~this week in security~
a cybersecurity newsletter by @zackwhittaker

volume 4, issue 9


Senate hearing on SolarWinds hack lays bare U.S. shortcomings and remaining mysteries
Cyberscoop: Senators grilled the three executives, including SolarWinds' CEO, at the center of the ongoing Russian espionage campaign targeting the federal government. Two months on, and questions remain. Cyberscoop walks you through the hearing, and the critical questions that still need answering. There was a lot of focus on the SolarWinds CEO blaming an intern for using "solarwinds123" as a server password. (Remember when Equifax's CEO pulled a similar stunt?) But really, it just shows poor leadership from the top down and inadequate security policies across the company. @thegrugq has a good post (refreshed from December) exploring why the password issue is only a small matter to consider.
More: CNN | The Register | The Grugq | @runasand | @hexadecim8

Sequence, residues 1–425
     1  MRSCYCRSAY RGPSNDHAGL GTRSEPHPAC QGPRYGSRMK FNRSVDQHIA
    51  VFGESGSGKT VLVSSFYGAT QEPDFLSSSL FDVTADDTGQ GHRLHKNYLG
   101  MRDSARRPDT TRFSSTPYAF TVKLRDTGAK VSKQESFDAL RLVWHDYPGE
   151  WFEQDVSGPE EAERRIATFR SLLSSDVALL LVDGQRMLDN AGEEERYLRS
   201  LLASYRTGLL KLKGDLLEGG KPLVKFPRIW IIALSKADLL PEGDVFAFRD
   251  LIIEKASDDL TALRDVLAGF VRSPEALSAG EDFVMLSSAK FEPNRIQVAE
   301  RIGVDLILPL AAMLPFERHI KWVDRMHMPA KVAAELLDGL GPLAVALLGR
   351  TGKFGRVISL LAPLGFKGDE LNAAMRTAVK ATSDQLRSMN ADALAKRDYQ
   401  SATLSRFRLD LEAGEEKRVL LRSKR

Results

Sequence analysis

Hackers broke into 'biochemical systems' at Oxford University Lab studying COVID-19
Forbes: One of the leading biology labs researching COVID-19 has been hacked. Oxford University confirmed the breach on Thursday that its Division of Structural Biology was breached, shortly after Forbes revealed hackers were touting access to a number of systems. Screenshots were provided to Forbes revealing the access, though it's not known exactly who was behind the attack or their motives. The university said its research was not affected by the breach.
More: Reuters | @iblametom tweets

Kamacite, tied to Russia's GRU, targeted the U.S. grid for years
Wired ($): New research from Dragos has revealed a new group adjacent to the disruptive Russian intelligence hacker group known as Sandworm. Dragos calls the new group Kamacite, which has successfully targeted U.S. electric utilities, oil and gas facilities as far back as 2017. The group also serves as Sandworm's "access" team by breaking into networks and handing off the access to Sandworm. Kamacite uses spearphishing and brute-forcing cloud logins, like Office 365, to gain a foothold onto the victim's network and gains persistence. "If you see Kamacite in an industrial network or targeting industrial entities, you clearly can't be confident they're just gathering information. You have to assume something else follows," said @cnoanalysis.